Sunderland man glassed pub reveller in St Valentine's Day attack

Michael Humble.
Michael Humble.

A man was glassed in the face after a dancefloor "misunderstanding" led to St Valentine's Day bloodshed.

Engineer Michael Humble caused multiple cuts around the victim's eye area when he thrust the glass at him in the Life of Riley bar in Sunderland city centre on February 14 last year.

Newcastle Crown Court.

Newcastle Crown Court.

Newcastle Crown Court heard Humble, 46, was having a romantic night out with his partner to celebrate their engagement when he was approached by a stranger who started making

accusations.

The man, who was also out celebrating Valentines' Day, accused him of acting inappropriately towards his girlfriend as he walked past her on the dance floor and started to become

violent.

Prosecutor Stephen Littlewood told the court: "He initially tapped him on the shoulder but then pushed Mr Humble, quite hard, in the shoulder.

"Mr Humble had in his hand a glass, a pint glass, and when the complainant pushed a third time, Mr Humble turned around and struck the complainant in the face with that pint glass.

"He accepts by his plea that was excessive self-defence in the circumstances."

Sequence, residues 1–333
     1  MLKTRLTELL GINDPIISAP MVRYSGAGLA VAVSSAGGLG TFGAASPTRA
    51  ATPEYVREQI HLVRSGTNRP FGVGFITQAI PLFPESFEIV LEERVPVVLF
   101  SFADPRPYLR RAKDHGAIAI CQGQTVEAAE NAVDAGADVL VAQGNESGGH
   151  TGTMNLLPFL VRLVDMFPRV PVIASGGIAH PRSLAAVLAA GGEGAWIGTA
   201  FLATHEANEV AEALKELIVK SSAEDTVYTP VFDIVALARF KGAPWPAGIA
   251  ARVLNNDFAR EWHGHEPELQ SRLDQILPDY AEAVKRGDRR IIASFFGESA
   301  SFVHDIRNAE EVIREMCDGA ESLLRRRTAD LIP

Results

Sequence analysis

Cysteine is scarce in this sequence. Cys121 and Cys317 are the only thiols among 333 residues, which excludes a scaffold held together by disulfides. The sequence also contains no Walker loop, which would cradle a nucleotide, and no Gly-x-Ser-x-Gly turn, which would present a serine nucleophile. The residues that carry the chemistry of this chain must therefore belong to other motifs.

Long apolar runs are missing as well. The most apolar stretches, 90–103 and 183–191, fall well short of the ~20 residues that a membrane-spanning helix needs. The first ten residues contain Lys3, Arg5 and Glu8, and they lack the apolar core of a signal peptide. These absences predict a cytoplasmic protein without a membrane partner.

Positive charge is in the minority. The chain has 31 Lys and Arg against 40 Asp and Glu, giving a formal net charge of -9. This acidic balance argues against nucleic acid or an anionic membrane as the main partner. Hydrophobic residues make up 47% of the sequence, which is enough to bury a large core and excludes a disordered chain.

The court heard the victim, who is a groundworker, started bleeding heavily from facial wounds and was taken to hospital for treatment.

He was left with numbness and scars around his eye area and said he feels unable to relax when in social situations, which he now tries to avoid.

He said in a statement: "This is something I will have to life with for the rest of my life."

Humble, of Baxter Road, Town End Farm, Sunderland, pleaded guilty to unlawful wounding on the basis of excessive self defence.

Judge Robert Adams sentenced him to six months imprisonment, suspended for 12 months, with 150-hours unpaid work.

The judge said: "It is right to point out, in fairness to the defendant, it is accepted by the prosecution he (the complainant) initiated the violence against the defendant, it may well be as a

result of something he was told, which may have been wrong."

Robin Patton, defending, said Humble is a hard working man with a good background and an ordinarily positive character who had not gone out looking for any trouble that night.

Mr Patton added: "Put into a very difficult situation, he struck out, once."